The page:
Felice Feliciano

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Felice Feliciano (Verona 1433 - Rome 1479) was a fifteenth-century calligrapher, composer of alchemical sonnets, collector of drawings and expert on Roman antiquity, especially inscriptions on stone.[1][2]

Biography[edit]

He lived just long enough to see printing arrive in Italy. He was the first to recreate geometrically the alphabet of Roman inscriptions, in 1463. The original copy of Alphabetum Romanum, his treatise on the geometrical construction of Roman capital letters using the square and circle, is preserved in the Vatican Library (Codex Vat. lat. 6852). In 1470 while in Bologna as Vicario di Castel San Giorgio, he became acquainted with Sabadino degli Arienti, who mentioned him in his III and IV Porretane. He started printing in 1476 in Poiano, near Verona. In 1478, he traveled to Rome, visiting his friend Francesco Porcari.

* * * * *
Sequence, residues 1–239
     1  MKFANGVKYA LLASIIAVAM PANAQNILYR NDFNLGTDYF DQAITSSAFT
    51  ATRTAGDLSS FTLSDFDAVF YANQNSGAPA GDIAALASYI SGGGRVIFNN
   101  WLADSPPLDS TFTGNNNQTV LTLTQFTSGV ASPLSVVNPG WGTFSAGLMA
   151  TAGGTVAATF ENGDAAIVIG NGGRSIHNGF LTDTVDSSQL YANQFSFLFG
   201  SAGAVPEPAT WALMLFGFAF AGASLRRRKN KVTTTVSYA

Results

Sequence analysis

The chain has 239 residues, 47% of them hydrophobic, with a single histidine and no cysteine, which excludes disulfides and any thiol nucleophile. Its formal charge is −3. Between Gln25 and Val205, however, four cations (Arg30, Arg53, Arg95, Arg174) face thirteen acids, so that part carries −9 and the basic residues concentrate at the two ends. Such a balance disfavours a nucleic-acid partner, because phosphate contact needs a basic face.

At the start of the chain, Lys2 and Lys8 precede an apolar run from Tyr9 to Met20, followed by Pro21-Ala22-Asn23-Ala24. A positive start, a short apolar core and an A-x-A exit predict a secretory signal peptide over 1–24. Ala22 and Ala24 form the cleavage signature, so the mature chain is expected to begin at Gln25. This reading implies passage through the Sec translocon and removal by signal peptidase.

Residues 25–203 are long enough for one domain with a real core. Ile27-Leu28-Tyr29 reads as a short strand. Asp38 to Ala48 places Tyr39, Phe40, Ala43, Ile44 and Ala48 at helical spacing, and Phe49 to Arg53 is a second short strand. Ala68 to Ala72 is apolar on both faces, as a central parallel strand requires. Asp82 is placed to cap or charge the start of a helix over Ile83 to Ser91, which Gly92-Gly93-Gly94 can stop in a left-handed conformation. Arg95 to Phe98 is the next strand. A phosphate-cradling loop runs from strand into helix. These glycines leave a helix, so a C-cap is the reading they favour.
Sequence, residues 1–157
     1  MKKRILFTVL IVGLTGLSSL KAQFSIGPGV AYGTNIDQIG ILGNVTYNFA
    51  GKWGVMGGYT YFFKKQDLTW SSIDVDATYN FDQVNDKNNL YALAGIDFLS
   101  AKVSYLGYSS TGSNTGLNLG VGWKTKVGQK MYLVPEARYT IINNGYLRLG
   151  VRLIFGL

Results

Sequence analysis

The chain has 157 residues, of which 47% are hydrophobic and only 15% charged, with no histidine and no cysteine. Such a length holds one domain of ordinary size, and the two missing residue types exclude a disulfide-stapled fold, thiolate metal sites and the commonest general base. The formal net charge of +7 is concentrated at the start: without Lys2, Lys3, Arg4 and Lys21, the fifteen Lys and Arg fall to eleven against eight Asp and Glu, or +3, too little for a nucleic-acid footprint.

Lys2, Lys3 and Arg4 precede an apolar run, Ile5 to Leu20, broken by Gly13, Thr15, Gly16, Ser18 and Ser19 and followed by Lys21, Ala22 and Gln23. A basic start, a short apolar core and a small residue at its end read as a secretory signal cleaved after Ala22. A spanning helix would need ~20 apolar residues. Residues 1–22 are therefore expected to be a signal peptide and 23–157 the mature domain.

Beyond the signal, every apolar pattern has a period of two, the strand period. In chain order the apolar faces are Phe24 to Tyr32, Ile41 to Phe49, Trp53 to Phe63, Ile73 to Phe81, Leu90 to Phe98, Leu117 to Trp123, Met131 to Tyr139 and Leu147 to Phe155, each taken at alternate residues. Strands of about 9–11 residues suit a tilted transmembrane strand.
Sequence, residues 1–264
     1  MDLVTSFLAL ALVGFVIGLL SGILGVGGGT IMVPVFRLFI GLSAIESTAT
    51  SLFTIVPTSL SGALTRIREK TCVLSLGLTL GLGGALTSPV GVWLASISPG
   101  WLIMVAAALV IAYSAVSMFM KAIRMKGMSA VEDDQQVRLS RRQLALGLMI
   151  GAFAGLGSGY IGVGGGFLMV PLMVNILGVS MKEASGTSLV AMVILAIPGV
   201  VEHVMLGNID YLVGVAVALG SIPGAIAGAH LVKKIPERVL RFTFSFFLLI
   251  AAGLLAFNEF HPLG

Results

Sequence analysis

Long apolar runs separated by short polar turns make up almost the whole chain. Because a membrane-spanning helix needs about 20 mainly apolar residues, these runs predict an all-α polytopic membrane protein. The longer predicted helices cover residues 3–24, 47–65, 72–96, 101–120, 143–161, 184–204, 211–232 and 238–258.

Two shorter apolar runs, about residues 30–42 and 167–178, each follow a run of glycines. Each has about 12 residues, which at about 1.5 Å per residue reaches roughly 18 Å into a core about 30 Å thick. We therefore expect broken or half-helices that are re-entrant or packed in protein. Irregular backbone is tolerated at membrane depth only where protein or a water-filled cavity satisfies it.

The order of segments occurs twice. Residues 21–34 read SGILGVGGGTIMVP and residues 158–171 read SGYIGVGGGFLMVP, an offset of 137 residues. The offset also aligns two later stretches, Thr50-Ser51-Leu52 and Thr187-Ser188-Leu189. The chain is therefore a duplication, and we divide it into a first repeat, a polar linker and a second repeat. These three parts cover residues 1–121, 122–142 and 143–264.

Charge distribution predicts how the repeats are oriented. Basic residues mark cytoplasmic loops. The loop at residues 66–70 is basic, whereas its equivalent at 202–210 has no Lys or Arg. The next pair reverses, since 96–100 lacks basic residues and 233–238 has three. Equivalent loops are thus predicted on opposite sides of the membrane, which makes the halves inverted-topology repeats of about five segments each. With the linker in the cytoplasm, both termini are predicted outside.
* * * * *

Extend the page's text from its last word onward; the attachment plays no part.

Felix Titling font[edit]

From manuscript of Poems and Epistles
Design for the letter 'D', from Felice Feliciano, Alphabetum Romanum Codex Vaticanus 6852.

Monotype's Felix Titling (1934) is based on a 1463 alphabet of Feliciano.[3][4]

Works[edit]

Further reading[edit]

  • Jason Dewinetz, Alphabetum Romanum: The Letterforms of Felice Feliciano c. 1460, Verona (2010. Greenboathouse Press, Vernon BC)

References[edit]